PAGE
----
While pharma companies engage with both healthcare professionals and patient groups to understand patients’ needs, they mostly speak to healthcare professionals, limiting their understanding of the outcomes that matter most to patients. In recent years, there has been a trend towards patient centricity, which might seem like a no brainer, but patient input is still not routinely sought, and efforts often do not go beyond grand statements. A genuinely patient-centric approach would transform patient insights into actionable outcomes.
Cell and gene therapy delivery is particularly complex and requires a deep understanding of patients’ needs
With personalized therapies like cell and gene therapies (CGTs), the patient journey is fundamentally different than traditional medicines. To successfully deliver CGTs, patients’ needs must be well understood and addressed. Most CGTs are for rare, often misunderstood, diseases. In addition, patients take on significant risk, for example, having one gene therapy often means they will never be able to have another. Patients also commit time and money, often travelling long distances including across borders to specialist treatment centres. As for payers, evidence that meaningful and sustainable outcomes is achieved for patients is very much top of mind given CGT costs extend into the millions of dollars per patient.
‘What really distinguishes treatments such as chimeric antigen receptor T cell therapies is that the patient is not just the recipient of a drug product. The patient is the product,’ explains Marc Boutin, Global Head of Patient Engagement at Novartis. ‘Patients are truly central to each and every activity as the patient’s own cells are the starting material for all manufacturing processed and, after genetic modification, form the essence of the final material.’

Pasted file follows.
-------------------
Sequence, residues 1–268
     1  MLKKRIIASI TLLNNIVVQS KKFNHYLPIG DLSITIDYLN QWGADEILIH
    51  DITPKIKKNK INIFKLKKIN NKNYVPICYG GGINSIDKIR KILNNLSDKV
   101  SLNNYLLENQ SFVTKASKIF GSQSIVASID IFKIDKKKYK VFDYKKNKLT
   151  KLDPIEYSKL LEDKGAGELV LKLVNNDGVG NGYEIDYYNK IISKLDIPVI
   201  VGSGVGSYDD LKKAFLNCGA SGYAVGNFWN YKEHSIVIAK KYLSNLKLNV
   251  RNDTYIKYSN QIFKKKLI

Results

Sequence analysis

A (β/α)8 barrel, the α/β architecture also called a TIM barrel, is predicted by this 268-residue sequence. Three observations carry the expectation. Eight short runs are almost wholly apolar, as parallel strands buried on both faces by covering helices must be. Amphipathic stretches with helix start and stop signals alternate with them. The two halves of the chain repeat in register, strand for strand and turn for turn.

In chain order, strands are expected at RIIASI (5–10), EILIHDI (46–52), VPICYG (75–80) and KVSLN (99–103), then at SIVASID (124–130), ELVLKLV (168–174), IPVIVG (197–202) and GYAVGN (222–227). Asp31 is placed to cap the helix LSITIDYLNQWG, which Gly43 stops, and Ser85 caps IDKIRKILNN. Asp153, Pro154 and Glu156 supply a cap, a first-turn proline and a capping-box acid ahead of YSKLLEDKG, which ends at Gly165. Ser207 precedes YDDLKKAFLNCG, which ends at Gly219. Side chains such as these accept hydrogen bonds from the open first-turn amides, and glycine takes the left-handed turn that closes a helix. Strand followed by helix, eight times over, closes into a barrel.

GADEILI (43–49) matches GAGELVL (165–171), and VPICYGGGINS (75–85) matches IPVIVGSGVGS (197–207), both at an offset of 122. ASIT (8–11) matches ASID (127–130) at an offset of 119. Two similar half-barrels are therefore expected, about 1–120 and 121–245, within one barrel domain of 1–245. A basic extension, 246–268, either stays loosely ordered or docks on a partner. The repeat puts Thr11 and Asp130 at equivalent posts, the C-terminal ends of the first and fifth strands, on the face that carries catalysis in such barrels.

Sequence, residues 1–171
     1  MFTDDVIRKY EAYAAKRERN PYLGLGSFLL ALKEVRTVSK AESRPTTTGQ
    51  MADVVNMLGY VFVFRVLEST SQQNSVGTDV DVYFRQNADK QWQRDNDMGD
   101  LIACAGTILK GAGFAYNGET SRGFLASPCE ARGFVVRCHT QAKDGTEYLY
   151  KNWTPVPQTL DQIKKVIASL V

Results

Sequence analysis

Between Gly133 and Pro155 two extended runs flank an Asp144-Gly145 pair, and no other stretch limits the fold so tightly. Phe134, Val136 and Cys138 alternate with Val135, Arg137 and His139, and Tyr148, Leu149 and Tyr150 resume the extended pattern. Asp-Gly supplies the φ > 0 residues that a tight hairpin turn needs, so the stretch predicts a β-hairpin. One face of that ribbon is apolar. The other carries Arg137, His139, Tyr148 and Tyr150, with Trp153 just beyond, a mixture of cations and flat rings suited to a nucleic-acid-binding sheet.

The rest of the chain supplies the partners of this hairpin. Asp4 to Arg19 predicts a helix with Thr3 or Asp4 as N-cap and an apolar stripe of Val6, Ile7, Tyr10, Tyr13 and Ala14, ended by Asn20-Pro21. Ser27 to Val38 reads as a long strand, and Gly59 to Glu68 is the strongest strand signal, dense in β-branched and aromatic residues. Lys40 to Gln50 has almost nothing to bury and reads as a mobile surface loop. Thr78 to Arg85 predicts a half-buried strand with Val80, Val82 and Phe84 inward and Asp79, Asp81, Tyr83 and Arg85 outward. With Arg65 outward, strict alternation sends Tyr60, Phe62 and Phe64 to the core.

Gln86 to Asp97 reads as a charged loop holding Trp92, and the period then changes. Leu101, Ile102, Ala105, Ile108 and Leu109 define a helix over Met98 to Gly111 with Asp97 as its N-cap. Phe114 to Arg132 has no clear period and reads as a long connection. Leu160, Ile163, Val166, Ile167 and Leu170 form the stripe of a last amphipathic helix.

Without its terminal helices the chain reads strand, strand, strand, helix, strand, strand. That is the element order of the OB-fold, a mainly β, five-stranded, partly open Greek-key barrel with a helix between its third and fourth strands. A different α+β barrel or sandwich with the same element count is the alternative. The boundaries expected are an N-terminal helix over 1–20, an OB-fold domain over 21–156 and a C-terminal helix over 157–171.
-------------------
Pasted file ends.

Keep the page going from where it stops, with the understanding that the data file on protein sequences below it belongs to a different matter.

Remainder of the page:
‘Beyond-the-pill’ programs have been more successful when patients have been involved in their design
In cases where patient communities have not been consulted on ‘beyond-the-pill’ for CGT – that is the initiatives and services to improve access to therapy – there have been difficulties. In early 2020, Novartis launched a global managed access program to make its gene therapy Zolgensma available in countries where it had not received regulatory approval. Novartis failed to engage properly with the SMA patient advocacy community on the design of the program, and was subsequently criticized in the media, by patient groups and EU health ministers for exercising an unfair ‘health lottery’.
Novartis has had more success when it has sought patient input. While devising a plan to implement widespread newborn screening for SMA, Novartis closely collaborated with rare disease advocacy organizations to better understand patients’ needs and expectations. Its efforts have helped to bring newborn screening online across North America and Europe.
A recently launched documentary project by BioMarin looks particularly promising – production teams will travel to the hometowns of hemophilia patients to learn about the realities of living with a bleeding disorder. The relationships and understanding of patients’ experiences should facilitate the development of pressure-tested and meaningful beyond-the-pill initiatives, supporting the expected launch of BioMarin’s gene therapy ValRox for hemophilia.
Patients’ insights should be systematically internalized for patient-driven decision-making
CGT companies leading the way are prioritizing the incorporation of patients’ insights into drug discovery, development, and crucially, delivery. Astellas, which is developing multiple CGT platforms, is one to watch – it follows a patient focused medicine development (PFMD) approach, but adds an extra D, for delivery. In this way, Astellas involves patients in the delivery stage, therefore implementing services that address real patient challenges.
Patients’ perspectives should not be sought simply during ‘one off’ consultations, but should be formally internalized via channels such as patient advisory boards. Systematically incorporating patients’ voices into all design, processes and decisions should facilitate effective CGT delivery, taking a step towards facilitating access to these notoriously inaccessible therapies.